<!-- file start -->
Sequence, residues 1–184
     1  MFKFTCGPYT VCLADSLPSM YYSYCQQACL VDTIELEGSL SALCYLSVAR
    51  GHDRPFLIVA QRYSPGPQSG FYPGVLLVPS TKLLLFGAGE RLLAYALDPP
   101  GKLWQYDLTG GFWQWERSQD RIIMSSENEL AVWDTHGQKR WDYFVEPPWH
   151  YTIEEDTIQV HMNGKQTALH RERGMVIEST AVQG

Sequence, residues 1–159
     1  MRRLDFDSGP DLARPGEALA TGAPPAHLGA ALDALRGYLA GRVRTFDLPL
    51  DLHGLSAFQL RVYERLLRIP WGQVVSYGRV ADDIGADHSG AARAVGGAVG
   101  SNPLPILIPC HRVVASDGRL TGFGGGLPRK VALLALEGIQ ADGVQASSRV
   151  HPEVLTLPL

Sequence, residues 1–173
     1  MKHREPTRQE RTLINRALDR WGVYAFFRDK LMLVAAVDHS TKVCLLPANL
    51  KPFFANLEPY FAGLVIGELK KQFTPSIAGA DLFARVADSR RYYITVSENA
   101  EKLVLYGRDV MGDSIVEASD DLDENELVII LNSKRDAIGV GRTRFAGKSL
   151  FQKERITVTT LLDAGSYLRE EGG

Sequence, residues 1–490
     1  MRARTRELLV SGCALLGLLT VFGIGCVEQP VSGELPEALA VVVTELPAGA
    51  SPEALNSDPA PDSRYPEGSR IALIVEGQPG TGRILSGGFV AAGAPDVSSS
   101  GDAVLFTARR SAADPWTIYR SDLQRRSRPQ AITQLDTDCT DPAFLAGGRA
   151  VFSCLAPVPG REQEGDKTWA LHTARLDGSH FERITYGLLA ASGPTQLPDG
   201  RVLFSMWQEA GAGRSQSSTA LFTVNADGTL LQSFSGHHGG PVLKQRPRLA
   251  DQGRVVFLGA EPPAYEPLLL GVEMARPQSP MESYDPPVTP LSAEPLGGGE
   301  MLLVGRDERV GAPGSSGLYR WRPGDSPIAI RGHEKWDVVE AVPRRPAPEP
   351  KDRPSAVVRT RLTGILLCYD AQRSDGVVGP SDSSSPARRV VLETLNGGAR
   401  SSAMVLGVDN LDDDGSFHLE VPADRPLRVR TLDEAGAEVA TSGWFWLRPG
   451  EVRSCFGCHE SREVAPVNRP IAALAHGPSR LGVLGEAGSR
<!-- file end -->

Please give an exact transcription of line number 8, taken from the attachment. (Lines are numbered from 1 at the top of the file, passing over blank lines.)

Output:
    51  DLHGLSAFQL RVYERLLRIP WGQVVSYGRV ADDIGADHSG AARAVGGAVG